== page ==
A tale of two locker rooms

All the Lakers have to do to feel better about recent struggles is look to the Wizards.

January 26, 2010, 11:23 PM

By: John Ireland

WASHINGTON -- On the Lakers Radio Pregame show on Tuesday, Steve Mason and I debated whether or not the team's trip to the White House would be a distraction, or a motivator, when it became time to play the Wizards. Mason felt the celebration would remind the Lakers that they're the champs, and it was time to start playing like it. I worried that with all of the players' families in town for the ceremony, the team would have less time to focus of the business of basketball.

It didn't take long to find out I was wrong.

After leading by one at the end of the first quarter, the Lakers outscored Washington 30-15 in the second quarter, and never looked back. Kobe Bryant led the way with 26 points, while the bench added 38 more in the 115 to 103 win.

But what stood out about this game was the feeling surrounding each team throughout the night.

For the Lakers and their fans, all of the talk was about their Monday visit to the White House, just one of the many perks that come with being the NBA champs.

In the Wizards locker room, all of the talk was about guns, suspensions, and how the team may never be the same again. It's been that way ever since two of the Wizards, Gilbert Arenas and former Laker Javaris Crittenton, pulled guns on each other in a dispute on Christmas Eve. Both players have been suspended, and Arenas might even go to jail.

Just reading the statements that the Wizards have issued paint a bad picture for both guys. When Arenas pleaded guilty to felony gun possession, the team released the following:

"Gilbert Arenas has been a cornerstone of the Washington Wizards for six years. We are deeply saddened and disappointed in his actions that have led to the events of this afternoon. Gilbert used extremely poor judgment and is ultimately responsible for his own actions."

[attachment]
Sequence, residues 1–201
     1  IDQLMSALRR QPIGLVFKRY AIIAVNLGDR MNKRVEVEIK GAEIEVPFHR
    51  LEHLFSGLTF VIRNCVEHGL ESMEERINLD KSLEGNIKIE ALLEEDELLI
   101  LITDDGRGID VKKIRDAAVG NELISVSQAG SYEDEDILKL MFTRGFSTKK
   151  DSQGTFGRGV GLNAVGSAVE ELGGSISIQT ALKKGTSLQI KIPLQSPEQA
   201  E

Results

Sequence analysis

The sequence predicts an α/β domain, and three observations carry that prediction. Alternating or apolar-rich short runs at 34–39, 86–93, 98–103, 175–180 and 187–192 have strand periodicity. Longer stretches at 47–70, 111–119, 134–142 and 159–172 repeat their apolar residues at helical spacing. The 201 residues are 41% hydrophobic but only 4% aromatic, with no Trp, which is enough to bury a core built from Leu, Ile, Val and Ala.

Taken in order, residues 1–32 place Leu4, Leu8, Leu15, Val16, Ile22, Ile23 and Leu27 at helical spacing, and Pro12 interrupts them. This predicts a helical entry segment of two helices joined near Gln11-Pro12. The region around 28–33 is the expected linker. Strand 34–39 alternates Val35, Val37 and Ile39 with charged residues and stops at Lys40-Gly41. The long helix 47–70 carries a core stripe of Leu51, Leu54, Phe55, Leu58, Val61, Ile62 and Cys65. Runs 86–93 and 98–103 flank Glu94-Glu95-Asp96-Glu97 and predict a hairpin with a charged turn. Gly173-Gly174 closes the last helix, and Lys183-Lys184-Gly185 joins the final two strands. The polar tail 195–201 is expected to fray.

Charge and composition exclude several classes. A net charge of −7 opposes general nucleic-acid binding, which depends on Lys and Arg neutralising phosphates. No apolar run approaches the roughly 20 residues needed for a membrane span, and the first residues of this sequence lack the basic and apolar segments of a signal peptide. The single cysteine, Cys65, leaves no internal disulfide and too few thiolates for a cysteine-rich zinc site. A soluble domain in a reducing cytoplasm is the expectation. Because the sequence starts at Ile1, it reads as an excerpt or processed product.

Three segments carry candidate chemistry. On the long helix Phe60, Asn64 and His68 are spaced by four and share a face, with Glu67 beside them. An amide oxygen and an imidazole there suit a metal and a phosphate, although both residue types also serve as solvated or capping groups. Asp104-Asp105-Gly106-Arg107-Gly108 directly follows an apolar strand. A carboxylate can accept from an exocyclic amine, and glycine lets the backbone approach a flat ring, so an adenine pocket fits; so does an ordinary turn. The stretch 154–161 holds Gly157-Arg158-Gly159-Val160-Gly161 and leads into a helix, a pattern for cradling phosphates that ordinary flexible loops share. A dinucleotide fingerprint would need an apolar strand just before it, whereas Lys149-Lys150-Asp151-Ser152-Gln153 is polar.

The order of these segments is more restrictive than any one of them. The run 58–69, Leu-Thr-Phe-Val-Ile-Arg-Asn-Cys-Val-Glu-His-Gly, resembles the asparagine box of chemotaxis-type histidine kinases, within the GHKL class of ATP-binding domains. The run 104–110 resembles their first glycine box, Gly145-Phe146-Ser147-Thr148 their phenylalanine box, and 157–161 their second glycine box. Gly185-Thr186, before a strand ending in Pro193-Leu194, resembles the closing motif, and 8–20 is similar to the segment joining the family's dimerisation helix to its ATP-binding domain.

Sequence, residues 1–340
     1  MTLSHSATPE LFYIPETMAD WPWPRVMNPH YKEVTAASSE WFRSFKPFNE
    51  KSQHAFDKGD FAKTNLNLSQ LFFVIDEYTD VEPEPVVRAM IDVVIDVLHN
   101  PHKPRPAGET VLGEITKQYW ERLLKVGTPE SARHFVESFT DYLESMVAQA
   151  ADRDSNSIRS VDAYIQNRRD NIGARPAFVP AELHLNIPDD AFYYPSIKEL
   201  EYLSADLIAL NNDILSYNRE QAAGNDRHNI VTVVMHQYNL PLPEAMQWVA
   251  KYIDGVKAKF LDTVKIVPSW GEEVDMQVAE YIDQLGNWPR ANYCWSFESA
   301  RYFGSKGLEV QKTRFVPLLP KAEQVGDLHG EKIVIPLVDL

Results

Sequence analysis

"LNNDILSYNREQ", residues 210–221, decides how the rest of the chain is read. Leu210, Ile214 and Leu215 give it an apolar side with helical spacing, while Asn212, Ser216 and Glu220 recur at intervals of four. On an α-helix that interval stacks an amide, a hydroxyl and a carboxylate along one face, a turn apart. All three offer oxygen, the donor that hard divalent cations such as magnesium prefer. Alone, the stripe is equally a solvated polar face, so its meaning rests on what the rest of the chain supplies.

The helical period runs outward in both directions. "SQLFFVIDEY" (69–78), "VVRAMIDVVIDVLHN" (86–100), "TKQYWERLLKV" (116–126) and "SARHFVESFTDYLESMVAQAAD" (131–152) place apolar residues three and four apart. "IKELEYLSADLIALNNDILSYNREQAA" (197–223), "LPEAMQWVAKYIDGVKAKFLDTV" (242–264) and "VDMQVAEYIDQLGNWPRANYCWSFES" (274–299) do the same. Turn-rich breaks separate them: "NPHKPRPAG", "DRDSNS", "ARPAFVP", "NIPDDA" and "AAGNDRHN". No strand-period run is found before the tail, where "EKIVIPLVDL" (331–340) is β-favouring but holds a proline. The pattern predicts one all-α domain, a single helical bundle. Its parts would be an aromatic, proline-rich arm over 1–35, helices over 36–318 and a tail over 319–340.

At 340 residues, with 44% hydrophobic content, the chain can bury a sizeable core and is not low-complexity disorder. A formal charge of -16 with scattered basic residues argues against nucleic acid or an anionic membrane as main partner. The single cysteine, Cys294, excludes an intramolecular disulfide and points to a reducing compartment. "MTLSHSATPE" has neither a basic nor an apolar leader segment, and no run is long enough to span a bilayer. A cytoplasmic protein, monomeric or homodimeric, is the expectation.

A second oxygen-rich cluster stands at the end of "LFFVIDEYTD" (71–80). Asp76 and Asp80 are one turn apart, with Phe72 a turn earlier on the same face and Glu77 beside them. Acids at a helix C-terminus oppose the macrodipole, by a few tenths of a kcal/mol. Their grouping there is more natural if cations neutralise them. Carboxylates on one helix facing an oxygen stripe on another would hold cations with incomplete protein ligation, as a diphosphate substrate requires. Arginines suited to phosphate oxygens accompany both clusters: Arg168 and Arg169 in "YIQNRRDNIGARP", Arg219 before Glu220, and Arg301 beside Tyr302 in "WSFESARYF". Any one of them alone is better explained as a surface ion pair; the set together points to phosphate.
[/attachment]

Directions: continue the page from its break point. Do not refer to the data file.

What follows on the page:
Not exactly a ringing endorsement, is it?

When Crittenton pleaded guilty to misdemeanor gun possession, the team issued an almost identical response:

"The charges filed today against Javaris Crittenton and his subsequent plea represent another disappointing development in what has already been a long and frustrating process for the team, the NBA and, most importantly, our fans. Javaris clearly used very bad judgment in this situation and will now face the consequences of his actions."

After spending a couple of days here, I'm convinced that both players are done with the Wizards. Currently, Arenas is suspended indefinitely, while Crittenton is out with an injury.

Crittenton never caught on in Washington, so they can just let him go. On the other hand, Arenas is the team's highest-paid player. In 2006, he signed a six-year, $111 million contract that still has three years remaining.

So what happens next?

The issue has now become whether or not the Wizards can void that contract. Every NBA contract contains the provision that the player must conform to "standards of good citizenship," and it expressly bars "engaging in acts of moral turpitude."

I'm not an attorney, but bringing guns into the workplace would appear to violate both of those conditions. Lester Munson, an ESPN attorney who frequently appears on our radio show, clearly agrees. But Munson makes another good point: the NBA has a collective bargaining agreement that states all gun punishments must be reached in accordance with the NBA Constitution.

Here's what Munson wrote about that scenario in a article this week:

"The constitutional provision specifically limits Commissioner David Stern's powers over gun violations. He can suspend a player for a "definite or indefinite" period, and he can fine a player as much as $50,000. But that's it. That is the beginning and the end of any punishment for a gun violation.

There is no provision for terminating the player's contract."

In other words, this isn't as easy of a situation as it might appear. In my opinion, I can't think of a judge or an arbitrator who wouldn't side with the Wizards here. Roger Cossack, another ESPN legal analyst, appeared on our show this week.

"I think if the Wizards try to terminate the contract," Cossack said, "I think they would win."

For now, the Players Association -- which is headed by Lakers' guard Derek Fisher -- wants the NBA to put a number on the Arenas suspension. They feel that by leaving his suspension as "indefinite," it could go on forever.

Here in Washington DC, it already feels like it has.


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